Projects

Adapting a Model of Integrated and In-Home Care to Serve Medicaid Patients with Multiple Chronic Conditions

2016-2020

Project Overview

Objective

To evaluate an innovative care delivery model provided by Landmark Health that provided coordinated services to eligible Medi-Cal managed care members with multiple medical and behavioral health needs.

Project Motivation

To understand the impacts of the home-based intensive care model on health care utilization and quality of care and to identify lessons learned in adapting the model to serve Medicaid enrollees.

Partners in Progress

  • Landmark Health
  • The Inland Empire Health Plan
  • The Health Plan of San Mateo

Prepared For

California Health Care Foundation

Our evaluation supports the idea that providing coordinated home-based services that include a behavioral health component and address patients’ unmet social needs can meaningfully reduce acute care spending.

California’s Medicaid program, Medi-Cal, is the largest state Medicaid program in the nation and the main source of coverage for low-income children, adults, and people with disabilities. It also provides wraparound coverage for many elderly Medicare beneficiaries. This project, funded by the California Health Care Foundation, evaluated an innovative care delivery model built on a partnership between Landmark Health, the Inland Empire Health Plan, and the Health Plan of San Mateo to deliver coordinated services to eligible Medi-Cal managed care members with multiple medical and behavioral health needs. These individuals are among the least well cared for in California’s safety net population as well as the most expensive. Under the model, Landmark delivers intensive care for members with five or more chronic conditions. Interdisciplinary care teams provide in-home medical services as well as 24/7 crisis management services in addition to coordinating health and social services. The goal is to enhance delivery and coordination of care, improve quality of life, and generate aggregate savings by improving medical management, thus reducing costly events such as emergency care and hospitalizations.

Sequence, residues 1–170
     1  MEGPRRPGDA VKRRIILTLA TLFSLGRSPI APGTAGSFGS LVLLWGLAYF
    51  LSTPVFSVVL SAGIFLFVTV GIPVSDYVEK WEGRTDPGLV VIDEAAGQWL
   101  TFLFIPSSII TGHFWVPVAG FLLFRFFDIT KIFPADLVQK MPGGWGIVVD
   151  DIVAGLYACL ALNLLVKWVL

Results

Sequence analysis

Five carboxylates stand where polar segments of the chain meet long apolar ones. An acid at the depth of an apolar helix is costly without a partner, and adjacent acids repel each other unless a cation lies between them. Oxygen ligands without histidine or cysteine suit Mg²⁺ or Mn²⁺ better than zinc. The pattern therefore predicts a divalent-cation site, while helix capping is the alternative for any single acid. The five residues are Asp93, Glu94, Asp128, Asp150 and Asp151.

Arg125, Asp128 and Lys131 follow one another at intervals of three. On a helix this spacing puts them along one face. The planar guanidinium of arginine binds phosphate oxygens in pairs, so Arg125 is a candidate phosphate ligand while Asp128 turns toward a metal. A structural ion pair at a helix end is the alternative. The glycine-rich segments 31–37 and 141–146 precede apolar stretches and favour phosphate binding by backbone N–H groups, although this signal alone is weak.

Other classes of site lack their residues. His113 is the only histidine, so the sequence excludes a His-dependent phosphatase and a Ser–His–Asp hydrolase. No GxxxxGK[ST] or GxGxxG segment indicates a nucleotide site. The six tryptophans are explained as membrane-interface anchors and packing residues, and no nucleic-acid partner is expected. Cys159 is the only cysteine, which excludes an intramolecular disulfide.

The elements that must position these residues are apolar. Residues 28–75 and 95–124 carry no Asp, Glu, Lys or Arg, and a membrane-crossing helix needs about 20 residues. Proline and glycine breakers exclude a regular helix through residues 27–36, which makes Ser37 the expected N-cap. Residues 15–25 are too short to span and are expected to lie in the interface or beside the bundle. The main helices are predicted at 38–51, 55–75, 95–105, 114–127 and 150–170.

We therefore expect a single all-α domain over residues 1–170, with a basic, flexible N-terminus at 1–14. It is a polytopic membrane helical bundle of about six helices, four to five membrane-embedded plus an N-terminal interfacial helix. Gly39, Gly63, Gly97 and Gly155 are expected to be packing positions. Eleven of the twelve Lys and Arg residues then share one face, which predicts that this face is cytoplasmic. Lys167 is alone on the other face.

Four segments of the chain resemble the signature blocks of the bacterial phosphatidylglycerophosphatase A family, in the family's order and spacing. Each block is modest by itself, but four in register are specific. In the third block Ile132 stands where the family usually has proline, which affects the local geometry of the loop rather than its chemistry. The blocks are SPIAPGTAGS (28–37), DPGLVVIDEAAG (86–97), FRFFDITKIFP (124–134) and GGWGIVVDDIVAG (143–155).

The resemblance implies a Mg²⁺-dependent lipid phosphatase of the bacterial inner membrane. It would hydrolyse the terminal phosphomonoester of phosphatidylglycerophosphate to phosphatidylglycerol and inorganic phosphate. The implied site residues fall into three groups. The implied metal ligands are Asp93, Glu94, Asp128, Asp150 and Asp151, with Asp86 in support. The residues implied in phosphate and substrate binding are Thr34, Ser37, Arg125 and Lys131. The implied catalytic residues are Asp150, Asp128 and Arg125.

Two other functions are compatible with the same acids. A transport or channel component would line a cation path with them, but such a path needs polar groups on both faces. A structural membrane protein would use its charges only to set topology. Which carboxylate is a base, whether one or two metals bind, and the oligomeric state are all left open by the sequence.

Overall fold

The model has had some success within a Medicare Advantage population outside of California. However, adapting the model to the Medicaid population represents a new challenge. We found that Landmark’s home-based intensive care model in the Inland Empire Health Plan and the Health Plan of San Mateo settings accomplished many of its goals by changing patterns of health care use for engaged members. The model was associated with statistically significant decreases in ED visits and inpatient stays with an associated behavioral health diagnosis, increases in primary care visits, and increased rates of follow-up after discharge from inpatient and skilled nursing facility stays. Together with evidence from other programs, our findings support the idea that providing coordinated home-based services that include a behavioral health component and address patients’ unmet social needs can meaningfully reduce acute care spending. Supported by a growing body of evidence, home-based care models have established themselves as an important approach to improving the quality and efficiency of care for patients with complex health care needs across the spectrum of healthcare payers.

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Project Impact

Mathematica helped us examine the impact of an innovative care delivery model by evaluating a partnership between Landmark Health and two Medicaid managed care health plans, the Inland Empire Health Plan and the Health Plan of San Mateo. This project afforded us a tremendous learning opportunity to explore ways to provide better care to California Medicaid members with multiple chronic conditions.

- Melissa Buckley, Director of the California Health Care Foundation Health Innovation Fund

Related Staff

Maggie Samra

Maggie Samra

Senior Director

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Matthew Niedzwiecki

Matthew Niedzwiecki

Researcher

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